Pastors Wrongly Incorporating New Age Spirituality into their Teachings

Meditation, visualization, spirit guides, contemplative prayer, fortune telling, zodiac signs. Most Christians would associate these kinds of practices with an increasingly popular religion in the United States called New Age. However, these practices that have long been associated with New Age spirituality, are creeping into the Christian church.

One of the primary reasons for this is because instead of warning their flocks of the dangers associated with this type of spirituality, pastors are embracing and even teaching it to their congregations.

It may be hard for some Christians to comprehend how this is possible. But considering Bible illiteracy is at a crisis point in the United States, deception is running rampant. And when a pastor and other church leaders are themselves deceived, they pass on the false teachings to their all-too-trusting and Bible-illiterate congregation.

This New Age infiltration isn’t just about Bishop T.D. Jake’s wife, Serita, encouraging conference participants at The Potter’s House of Dallas to engage in yoga exercises. It’s much more than that.

Take for instance, mega-pastor Rick Warren who in 2005 topped Time magazine’s list of the 25 most influential evangelicals in America. Pastor Warren’s sphere of influence includes over 20,000 members of one of the largest megachurches in the country.

His sphere of influence also includes the millions of people who have read his book, The Purpose Driven Life. (The book came out in 2002 and by 2007 it had sold over 30 million copies). Besides being criticized for taking scripture out of context to promote his agenda, the book has also been criticized for containing New Age elements.

The New Age Deception of Pastor Rick Warren

According to Warren B. Smith, author of Deceived on Purpose: the New Age implications of the Purpose Driven movement, “Out of the fifteen different Bible versions Rick Warren uses, he chooses to cite Ephesians 4:6 from a new translation that erroneously conveys the panentheistic New Age teaching that God is “in” everything. According to New Age leaders, this teaching is foundational to the New Age/New Spirituality.”

The Purpose Driven Life also quotes Dr. Bernie Siegel, a popular New Age author who says he has an angel mystic named George, who guides him, and who people can see standing in front of him when he gives a lecture. Along with Dr. Siegel, Warren also quotes Aldous Huxley, a famous New Ager who coined the phrase, “perennial philosophy,” which is an idea that states absolute truth can be found in many traditions.

In more recent years, Pastor Warren has joined forces with the likes of Dr. Mehmet Oz, a practitioner of transcendental meditation. His wife, Lisa Oz, is a certified Reiki master. Reiki is a new age healing technique used to manipulate energy. Dr. Oz contributed to Warren’s book, The Daniel Plan. Other contributors included Dr. Daniel Aman and Dr. Mark Hyman, both known to use New Age concepts.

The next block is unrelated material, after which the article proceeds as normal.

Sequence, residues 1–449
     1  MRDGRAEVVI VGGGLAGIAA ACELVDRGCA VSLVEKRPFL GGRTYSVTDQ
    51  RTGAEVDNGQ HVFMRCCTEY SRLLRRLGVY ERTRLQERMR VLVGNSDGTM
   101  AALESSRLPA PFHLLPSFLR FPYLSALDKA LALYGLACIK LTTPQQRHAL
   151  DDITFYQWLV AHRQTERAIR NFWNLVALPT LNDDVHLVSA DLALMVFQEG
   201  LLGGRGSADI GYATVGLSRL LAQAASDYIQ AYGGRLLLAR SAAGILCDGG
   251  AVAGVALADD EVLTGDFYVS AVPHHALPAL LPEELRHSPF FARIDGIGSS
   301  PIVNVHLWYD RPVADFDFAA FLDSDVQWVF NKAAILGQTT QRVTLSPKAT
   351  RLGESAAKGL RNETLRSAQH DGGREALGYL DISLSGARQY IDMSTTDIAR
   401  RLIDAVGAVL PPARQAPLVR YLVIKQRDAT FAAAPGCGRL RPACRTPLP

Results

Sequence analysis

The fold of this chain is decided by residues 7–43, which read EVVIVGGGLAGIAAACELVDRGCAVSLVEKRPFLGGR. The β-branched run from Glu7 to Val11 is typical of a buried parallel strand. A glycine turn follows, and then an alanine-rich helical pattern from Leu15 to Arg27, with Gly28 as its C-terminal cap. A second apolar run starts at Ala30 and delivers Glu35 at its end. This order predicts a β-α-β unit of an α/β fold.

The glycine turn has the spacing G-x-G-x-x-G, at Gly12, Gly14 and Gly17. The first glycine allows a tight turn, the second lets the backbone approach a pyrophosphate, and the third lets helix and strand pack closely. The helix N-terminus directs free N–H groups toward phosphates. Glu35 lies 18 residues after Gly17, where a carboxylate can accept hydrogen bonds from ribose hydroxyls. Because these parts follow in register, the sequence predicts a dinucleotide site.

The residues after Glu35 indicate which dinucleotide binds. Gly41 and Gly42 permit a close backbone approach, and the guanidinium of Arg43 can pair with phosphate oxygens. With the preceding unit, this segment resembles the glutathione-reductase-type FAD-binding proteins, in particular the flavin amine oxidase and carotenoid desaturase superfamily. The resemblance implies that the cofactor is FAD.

Pastor Warren, who claims to receive extra-biblical revelations through subconscious dreams, is also known to take part in and teach an Eastern style of mantra prayer called breath prayers. According to Warren, you can “use ‘breath prayers’ throughout the day, as many Christians have done for centuries. You choose a brief sentence or a simple phrase that can be repeated to Jesus in one breath.”

The New Age Teachings of Bill Johnson and Bethel Church

Besides Saddleback, another extremely popular church with New Age tendencies is Bethel Church in Redding, California. Pastor Bill Johnson leads the pack at Bethel, where he and his wife, Beni have been criticized for their New Age teachings that they pass off as Christianity.

Bill and Beni Johnson also co-founded the Bethel School of Supernatural Ministry, where students take part in soaking prayer (another type of contemplative prayer), visualization and guided imagery, and spirit travel, all of which are New Age practices.

In response to his critics Johnson says, “Many prominent pastors and conference speakers add fuel to the fire of fear by assuming that because the New Age promotes it, its origins must be from the devil. I find that form of reasoning weak at best. If we follow that line of thought, we will continue to give the devil the tools that God has given us for success in life and ministry.”

Along with her husband, Beni Johnson is widely known for embracing and teaching New Age practices. On a blog post titled, “Let’s Get Grounded!” Beni promotes the idea of becoming connected to the earth by practicing a New Age technique called grounding. She and other attendees of Bethel Church have also been seen on social media practicing grave sucking, which is used as a way to soak up the anointing of deceased preachers.

Beware of Other Pastors with New Age Tendencies

Others pastors Christians need to look out for include Shawn Bolz and John Ortberg. Bolz is the founding pastor of Expression58 Christian Ministries and is best known for teaching fortune telling techniques, disguised as prophetic training. Ortberg teaches on contemplative spirituality and has been linked to Tilden Edwards, founder of the Shalem Institute which states they are “grounded in Christian contemplative spirituality yet draws on the wisdom of many religious traditions.”

Sadly instead of rejecting New Age practices, these pastors not only embrace them but teach them to their flocks. Matt Slick, founder and president of the Christian Apologetics and Research Ministry (CARM), says, “The Bible opposes almost all the tenets of the New Age Movement. As Christians, we should be watchful to recognize what is false and teach what is true.”

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